It was sad to watch Mufi Hannemann’s concession speech on election night. Sad because it’s hard to see a big character like that struggling to come to terms with his comeuppance, and sad because despite all his graceful conceding, he still doesn’t get it.
"Shakespeare said it best: ”Tis better to have loved and lost than never to have loved at all,’" Hannemann said.
Actually, Tennyson wrote that.
But as long as he’s invoking Shakespeare, Hannemann might go back and reread what old Willie S had to say about stuff like leadership and hubris and people who take themselves too seriously:
"Some men are born great, some achieve greatness and some have greatness thrust upon them."
Hannemann might believe he’s in the first category, but perhaps this experience will force him to accept the truth: that he is not yet great and must continually work to prove himself. Hannemann has many impressive qualities and achievements, but a great person does not dally with the many instances of juvenile jeering from his campaign like the infamous "Compare and Decide" mailer and the website that crudely mocked rival Neil Abercrombie and his wife. A great person rises above the muck and brushes off what doesn’t matter. A great person does not see every bit of criticism as attempted murder.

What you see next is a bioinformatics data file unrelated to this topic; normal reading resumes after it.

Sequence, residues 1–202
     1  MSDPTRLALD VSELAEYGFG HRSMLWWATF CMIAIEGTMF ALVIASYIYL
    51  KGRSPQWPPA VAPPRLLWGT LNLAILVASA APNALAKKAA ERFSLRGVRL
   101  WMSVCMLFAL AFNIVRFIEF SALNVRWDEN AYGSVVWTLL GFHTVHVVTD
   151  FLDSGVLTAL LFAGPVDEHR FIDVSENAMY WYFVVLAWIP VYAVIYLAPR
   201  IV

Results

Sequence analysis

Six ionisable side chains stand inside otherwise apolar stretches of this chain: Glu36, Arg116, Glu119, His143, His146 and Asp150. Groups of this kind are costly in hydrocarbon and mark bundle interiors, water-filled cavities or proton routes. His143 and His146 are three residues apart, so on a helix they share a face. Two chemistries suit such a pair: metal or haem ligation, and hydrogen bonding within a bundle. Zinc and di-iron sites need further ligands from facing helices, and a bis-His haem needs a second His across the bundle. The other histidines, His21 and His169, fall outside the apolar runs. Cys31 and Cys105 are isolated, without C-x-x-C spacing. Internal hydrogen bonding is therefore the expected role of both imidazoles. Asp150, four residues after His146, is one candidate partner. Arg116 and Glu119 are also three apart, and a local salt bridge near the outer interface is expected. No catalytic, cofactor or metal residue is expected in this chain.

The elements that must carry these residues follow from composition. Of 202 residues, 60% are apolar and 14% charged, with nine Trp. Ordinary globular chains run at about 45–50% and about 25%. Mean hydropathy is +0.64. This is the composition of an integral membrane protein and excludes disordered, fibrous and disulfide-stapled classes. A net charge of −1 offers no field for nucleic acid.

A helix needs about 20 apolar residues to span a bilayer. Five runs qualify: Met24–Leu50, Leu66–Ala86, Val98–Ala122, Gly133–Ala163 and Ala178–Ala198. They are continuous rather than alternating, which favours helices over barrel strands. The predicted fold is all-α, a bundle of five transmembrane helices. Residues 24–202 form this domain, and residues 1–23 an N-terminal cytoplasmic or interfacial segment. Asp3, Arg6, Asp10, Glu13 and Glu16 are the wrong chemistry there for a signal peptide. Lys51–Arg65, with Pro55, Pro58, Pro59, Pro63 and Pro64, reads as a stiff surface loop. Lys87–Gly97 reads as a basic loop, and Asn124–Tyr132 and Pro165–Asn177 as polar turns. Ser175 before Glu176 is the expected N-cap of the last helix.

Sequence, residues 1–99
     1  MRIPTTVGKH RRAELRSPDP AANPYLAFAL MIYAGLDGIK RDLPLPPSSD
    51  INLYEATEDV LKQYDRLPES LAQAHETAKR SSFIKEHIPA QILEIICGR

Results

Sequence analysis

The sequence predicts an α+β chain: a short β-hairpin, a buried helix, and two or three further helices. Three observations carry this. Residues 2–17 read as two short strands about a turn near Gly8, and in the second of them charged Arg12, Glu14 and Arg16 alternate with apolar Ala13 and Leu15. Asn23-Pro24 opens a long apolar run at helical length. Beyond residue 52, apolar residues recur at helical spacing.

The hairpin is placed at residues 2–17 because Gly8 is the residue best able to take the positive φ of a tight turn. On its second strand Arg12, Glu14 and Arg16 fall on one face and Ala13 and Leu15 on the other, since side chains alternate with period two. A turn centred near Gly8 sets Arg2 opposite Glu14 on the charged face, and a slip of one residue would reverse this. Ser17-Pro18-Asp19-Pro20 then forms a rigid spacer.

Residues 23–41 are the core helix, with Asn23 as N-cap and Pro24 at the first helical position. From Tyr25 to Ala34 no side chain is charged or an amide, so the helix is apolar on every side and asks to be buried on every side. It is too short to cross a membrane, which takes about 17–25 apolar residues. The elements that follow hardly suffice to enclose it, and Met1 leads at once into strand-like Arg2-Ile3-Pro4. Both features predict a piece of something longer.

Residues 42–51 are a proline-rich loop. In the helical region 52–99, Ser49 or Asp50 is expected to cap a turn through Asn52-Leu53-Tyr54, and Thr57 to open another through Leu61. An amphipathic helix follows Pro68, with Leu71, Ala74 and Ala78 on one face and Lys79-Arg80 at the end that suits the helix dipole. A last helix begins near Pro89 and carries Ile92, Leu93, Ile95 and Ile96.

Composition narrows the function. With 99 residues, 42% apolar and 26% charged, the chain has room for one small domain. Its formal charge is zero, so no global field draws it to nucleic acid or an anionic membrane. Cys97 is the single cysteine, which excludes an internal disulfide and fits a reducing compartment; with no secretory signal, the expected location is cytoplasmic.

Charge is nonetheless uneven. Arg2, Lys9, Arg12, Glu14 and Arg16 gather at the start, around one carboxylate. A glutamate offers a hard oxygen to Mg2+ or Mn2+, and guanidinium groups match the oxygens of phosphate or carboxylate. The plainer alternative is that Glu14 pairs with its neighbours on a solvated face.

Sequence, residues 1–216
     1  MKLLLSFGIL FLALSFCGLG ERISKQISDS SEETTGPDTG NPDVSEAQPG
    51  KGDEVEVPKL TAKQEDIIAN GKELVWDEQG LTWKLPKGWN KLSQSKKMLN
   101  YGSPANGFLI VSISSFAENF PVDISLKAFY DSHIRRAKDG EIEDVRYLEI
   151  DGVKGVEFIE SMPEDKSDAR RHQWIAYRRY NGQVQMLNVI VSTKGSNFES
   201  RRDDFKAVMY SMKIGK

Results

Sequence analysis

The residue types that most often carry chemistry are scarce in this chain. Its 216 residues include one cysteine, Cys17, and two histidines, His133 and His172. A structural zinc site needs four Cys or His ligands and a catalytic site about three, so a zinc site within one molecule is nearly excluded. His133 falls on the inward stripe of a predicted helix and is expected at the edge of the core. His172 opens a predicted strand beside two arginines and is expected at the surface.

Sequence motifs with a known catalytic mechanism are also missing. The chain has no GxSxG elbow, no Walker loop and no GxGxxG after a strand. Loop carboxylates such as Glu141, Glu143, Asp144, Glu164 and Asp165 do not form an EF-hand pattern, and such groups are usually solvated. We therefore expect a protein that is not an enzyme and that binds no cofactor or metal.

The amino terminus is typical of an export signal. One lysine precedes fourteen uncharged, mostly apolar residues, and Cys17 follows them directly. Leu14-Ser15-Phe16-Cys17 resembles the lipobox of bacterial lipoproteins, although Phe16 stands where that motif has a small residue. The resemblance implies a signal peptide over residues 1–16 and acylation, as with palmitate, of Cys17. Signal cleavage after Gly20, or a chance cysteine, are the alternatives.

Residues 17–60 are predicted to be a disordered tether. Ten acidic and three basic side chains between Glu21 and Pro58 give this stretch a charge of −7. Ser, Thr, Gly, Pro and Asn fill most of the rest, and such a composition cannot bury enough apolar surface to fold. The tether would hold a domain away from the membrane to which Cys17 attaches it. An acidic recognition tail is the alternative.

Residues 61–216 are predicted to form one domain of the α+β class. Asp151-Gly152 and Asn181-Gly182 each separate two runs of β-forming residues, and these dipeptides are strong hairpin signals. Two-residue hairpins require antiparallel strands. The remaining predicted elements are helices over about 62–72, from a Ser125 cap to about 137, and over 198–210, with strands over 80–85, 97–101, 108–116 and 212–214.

"Mind your speech lest you should mar your fortunes," King Lear tells his daughter in Shakespeare’s play. The infamous "I look like you" speech was off-putting even to those who do look like Hannemann. He lost this election because of his own words, not because of anything anyone said about him.
"It is not the stars that hold our destiny but in ourselves."
In the face of Saturday’s surprising, overwhelming defeat, Hannemann all but promised to run for office again, assuring his supporters, "We’ll live to compete another day."
Which is good, because Hannemann is a smart, bold, visionary leader in a state lousy with milquetoast politicians. Hawaii needs the energy of a guy like him.
But we need him at his humble servant best, working for the good of everyone, not expending so much energy to smack down any and all opposition. Change is possible; look at Neil Abercrombie’s makeover. Not just the hair and the beard, but the whole image. The loudmouth in the yellow taxi came off as thoughtful and sincere compared with Hannemann’s incendiary ego.
If Hannemann can learn from this defeat, take the true message to heart and come back a changed man, a man able to take criticism and devoted to a clean campaign, he can win. As Shakespeare said, "Let me embrace thee, sour adversity, for wise men say it is the wisest course."